UA College of Nursing Faculty and Alumni Explore Impact of Being ‘Undocumented’ in the Context of Health

Apr 10, 2015

About 11.2 million undocumented immigrants—individuals who lack legal migration documentation—live in the United States.

For the first time, the implications for individual, family and community health of being undocumented, and nurses’ professional responsibilities for impacting care for this vulnerable population, have been comprehensively examined in a series of articles authored by University of Arizona College of Nursing alumni and former and current faculty.

The basis for the series, published in a special issue of Nursing Outlook, the official journal of the American Academy of Nursing (AAN), is a white paper commissioned through the AAN Expert Panel on Global Health Nursing to examine migration, immigration, being undocumented and the influence on health.

The original white paper was authored by Marylyn M. McEwen, PhD, PHCNS-BC, FAAN, associate professor and the Gladys E. Sorensen Endowed Professor for Diabetes Research and Education at the UA College of Nursing, and a three-time graduate (BSN ’76, MSN ’87, PhD ’03); fellow alumna DeAnne K. Hilfinger Messias, PhD, RN, FAAN (BSN ’80); and former associate dean for academic affairs Joyceen S. Boyle, PhD, MPH, FAAN. To author the Nursing Outlook articles, they were joined by alumni Lauren Clark, PhD, RN, FAAN (BSN ’85, MSN ’88, PhD ’92), and Jody R. Lori, PhD, CNM, FACNM, FAAN (PhD ’09).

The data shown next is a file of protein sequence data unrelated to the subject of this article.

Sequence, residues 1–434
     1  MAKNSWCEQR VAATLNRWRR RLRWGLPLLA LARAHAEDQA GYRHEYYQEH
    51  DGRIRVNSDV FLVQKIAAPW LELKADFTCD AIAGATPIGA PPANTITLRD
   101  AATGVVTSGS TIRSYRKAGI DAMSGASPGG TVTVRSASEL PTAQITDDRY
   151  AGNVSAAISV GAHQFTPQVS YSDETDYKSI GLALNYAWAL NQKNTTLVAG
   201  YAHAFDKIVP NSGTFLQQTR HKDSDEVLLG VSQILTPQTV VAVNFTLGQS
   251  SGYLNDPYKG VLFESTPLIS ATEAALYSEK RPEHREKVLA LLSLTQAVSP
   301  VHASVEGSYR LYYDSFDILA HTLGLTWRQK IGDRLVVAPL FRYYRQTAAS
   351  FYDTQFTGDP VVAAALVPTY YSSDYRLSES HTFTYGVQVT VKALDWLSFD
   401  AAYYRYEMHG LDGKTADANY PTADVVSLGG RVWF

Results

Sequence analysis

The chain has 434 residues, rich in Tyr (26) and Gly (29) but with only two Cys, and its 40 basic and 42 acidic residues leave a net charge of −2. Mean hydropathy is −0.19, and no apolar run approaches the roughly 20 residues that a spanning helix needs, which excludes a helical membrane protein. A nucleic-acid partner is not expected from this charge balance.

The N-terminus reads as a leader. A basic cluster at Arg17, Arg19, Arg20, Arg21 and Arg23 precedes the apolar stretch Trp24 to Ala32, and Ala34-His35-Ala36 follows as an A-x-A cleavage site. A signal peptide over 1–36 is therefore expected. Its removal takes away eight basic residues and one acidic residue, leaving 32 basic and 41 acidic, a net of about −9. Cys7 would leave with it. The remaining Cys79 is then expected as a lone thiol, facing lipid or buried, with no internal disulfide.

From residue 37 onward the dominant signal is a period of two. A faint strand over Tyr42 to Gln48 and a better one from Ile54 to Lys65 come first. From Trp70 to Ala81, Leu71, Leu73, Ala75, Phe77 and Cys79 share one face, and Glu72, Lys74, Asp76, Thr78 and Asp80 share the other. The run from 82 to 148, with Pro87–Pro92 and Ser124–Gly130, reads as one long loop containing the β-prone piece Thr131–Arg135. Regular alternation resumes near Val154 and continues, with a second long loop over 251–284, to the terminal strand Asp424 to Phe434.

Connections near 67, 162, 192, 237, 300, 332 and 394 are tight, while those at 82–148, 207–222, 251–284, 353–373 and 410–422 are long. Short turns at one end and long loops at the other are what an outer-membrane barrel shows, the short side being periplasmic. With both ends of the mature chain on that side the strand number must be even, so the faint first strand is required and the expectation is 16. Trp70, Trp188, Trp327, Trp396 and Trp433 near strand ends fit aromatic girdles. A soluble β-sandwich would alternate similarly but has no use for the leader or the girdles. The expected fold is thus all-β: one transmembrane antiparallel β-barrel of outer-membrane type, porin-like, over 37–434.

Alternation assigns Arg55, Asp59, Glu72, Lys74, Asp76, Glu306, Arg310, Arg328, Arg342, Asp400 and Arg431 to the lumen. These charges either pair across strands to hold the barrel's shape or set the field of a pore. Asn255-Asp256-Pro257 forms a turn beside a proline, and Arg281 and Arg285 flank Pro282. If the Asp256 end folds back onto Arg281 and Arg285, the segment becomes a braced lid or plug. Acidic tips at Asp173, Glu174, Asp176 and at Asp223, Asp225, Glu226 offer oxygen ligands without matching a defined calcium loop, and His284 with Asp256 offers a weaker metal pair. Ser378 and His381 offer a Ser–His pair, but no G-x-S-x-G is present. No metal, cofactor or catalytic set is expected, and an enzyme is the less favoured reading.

"To my knowledge, this is a first-of-its-kind and very timely examination through a nursing lens of the impact of state, national and global immigration policies and practices on the health of undocumented individuals, families and the communities in which they live and work,” said Dr. McEwen, who is a member of the AAN Expert Panel on Global Health Nursing.

Undocumented immigrants can suffer a variety of physical, mental and emotional burdens that negatively impact their health, including prolonged stress, impoverished conditions, barriers and restrictions to accessing health care and other social services, social and geographical isolation, discrimination and abuse, depression, and living in fear of arrest and deportation, among many others.

Dr. McEwen says the articles incorporate far-reaching implications for family and community systems, policy, and nursing education, research and practice. In particular, she hopes the articles help equip nurses to create and influence policy change that will support and promote the humane treatment of undocumented persons.

“The complex and ever-changing social and political context of being undocumented calls for nursing leaders, including those in nursing organizations, to engage in debates on immigration and health-care reform, and advocate for institutional and health policy changes that alleviate health inequities experienced by documented and undocumented immigrants locally, nationally and globally,” said Dr. McEwen.

Read the articles:


Faculty at the University of Arizona College of Nursing envision, engage and innovate in education, research and practice to help people of all ages optimize health in the context of major life transitions, illnesses, injuries, symptoms and disabilities. Established in 1957, the college ranks among the top nursing programs in the United States. For more information about the college, please visit its website,